I have about a week and a half left at Pole and the tasks the Receiver Team set out to do are about done.  We installed the camera back in the telescope on December 23rd, just in time to start running auto-observing scripts on Christmas Eve.  We’ve been optimizing pixel yield since then and making sure everything looks nominal.  So far, it appears the camera is working better than ever, and should be considerably faster than last year, which was the goal.  (By faster I mean we can see fainter structures in less time observing the sky).

After upgrading the camera we needed to make sure everything was still in focus.  Here's a portion of a map made of a point source at 150 GHz (2 mm wavelength).  The source itself should be a point but the optics of our telescope and camera (the beam) smear it out.  If we're in focus,  at 150 GHz the beam should be about 1 arcminute (1/60 of a degree), and what we measured is bang on with expectations.

On Christmas Eve the annual Race Around the World took place.  This year it was 1.75 miles.  The course started at the geographic pole, headed past the ceremonial pole, and out towards SPT (which by then was in an attractive pose pointing at 45 degrees elevation to show off the fully completed side shields).  Once we got to SPT we took a left towards the Ice Cube Neutrino Lab and then back to the station and around the back side to the finish where we started.  My time this year was 19:38.  Pretty crappy but not too bad (at least for me) considering it was at 10,000 feet, -7 F, and we had to slog through rough patches of snow (but kudos to the station team who set the race up this year.  The course on the whole was in excellent condition).  After the race we all got brunch and were rewarded with nalgene bottles with a cool race logo on it.  Proof I ran around the world!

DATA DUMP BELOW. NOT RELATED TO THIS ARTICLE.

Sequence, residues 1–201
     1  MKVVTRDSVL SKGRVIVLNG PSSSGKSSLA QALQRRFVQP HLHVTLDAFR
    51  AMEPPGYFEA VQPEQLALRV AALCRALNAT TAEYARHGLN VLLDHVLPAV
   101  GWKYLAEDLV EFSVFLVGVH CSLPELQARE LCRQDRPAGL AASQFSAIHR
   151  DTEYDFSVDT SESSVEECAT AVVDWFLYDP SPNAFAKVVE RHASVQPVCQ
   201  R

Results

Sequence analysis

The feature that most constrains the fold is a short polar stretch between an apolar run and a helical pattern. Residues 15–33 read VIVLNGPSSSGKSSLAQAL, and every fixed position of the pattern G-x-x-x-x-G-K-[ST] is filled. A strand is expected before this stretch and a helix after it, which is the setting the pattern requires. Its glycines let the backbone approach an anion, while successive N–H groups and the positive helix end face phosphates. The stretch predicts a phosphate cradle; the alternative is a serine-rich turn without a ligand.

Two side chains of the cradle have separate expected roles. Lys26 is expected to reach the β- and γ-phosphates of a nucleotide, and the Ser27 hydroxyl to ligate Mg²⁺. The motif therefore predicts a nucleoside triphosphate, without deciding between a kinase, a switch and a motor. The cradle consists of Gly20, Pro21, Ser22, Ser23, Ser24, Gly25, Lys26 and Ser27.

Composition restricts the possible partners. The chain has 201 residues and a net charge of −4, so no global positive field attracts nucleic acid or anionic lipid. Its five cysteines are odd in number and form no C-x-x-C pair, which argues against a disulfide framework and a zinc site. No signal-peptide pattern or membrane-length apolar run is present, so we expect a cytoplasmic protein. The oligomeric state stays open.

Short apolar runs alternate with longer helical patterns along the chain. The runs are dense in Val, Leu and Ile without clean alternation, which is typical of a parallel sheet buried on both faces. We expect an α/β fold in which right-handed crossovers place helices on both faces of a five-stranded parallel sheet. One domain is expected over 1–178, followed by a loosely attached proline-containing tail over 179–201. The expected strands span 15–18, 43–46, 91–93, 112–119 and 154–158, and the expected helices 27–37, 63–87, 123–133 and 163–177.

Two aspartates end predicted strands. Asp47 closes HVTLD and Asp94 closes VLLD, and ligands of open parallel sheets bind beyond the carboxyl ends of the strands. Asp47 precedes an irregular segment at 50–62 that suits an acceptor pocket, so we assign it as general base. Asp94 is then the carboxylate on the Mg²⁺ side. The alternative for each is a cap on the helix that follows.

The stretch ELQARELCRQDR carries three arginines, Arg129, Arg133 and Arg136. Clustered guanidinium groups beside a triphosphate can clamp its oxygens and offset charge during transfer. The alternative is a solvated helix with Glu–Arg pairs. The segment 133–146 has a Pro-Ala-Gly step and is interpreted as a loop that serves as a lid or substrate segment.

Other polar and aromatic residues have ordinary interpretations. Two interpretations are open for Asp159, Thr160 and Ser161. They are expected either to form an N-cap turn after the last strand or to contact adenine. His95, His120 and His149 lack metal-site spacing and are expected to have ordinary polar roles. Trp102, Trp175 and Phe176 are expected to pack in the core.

The map for this year's Race Around the World.  We start and end at the geographic pole, after running through all the longitudes of the world.

The water bottle we got for completing the race.  It might say 2013, but it's still a pretty cool bottle.

Later that evening was Christmas dinner.  The menu was basically the same as last year (beef wellington, lobster tails, a couple choices for mashed potatoes, etc) and as always the food was excellent.  We all have to give it up to the kitchen staff down here - they’re REALLY awesome.

Christmas Eve and Christmas day were the closest we’ve come to days off since coming down here (at that point 5 weeks in) - for me it was just a bit of coding and analysis and checking on some pixel yield issues.  Frankly we didn’t know what to do with ourselves with all of the spare time.  I took a nap, watched some Battlestar Galactica with my colleagues, played the BSG board game a few times and generally just hung out.  It was a nice break.  (And might I add... before coming down last year I bought the BSG board game but didn't get a chance to play it, though I noticed they had a copy at Pole.  I brought it up early this season when we started watching the show as a group.  Might have been a mistake...  I think we've played it 10 times now...  I have single-handedly made addicts out of seven or eight people in three different collaborations.  To friends and loved ones of certain people who will remain nameless in the SPT, SPUD/Keck/SPICE, and BICEP II groups, I humbly apologize for their new addiction when they come off the ice).

The annual SPT Ladies' Night was the Friday before Christmas.  Lots of wine, cheese, and chocolates.  And slow dancing with a cosmologist!  We managed to get our work done in time to share the telescope and the science we do with the support staff at the station that make all of this stuff possible.

A beauty shot of the fully upgraded SPT.  This shot was taken from the roof of our lab at the moment of solstice.  This is the highest the Sun gets at the South Pole (23.5 degrees) - effectively our noon.  From now on it will very slowly set, and go beneath the horizon in late March until it pops up again in late September.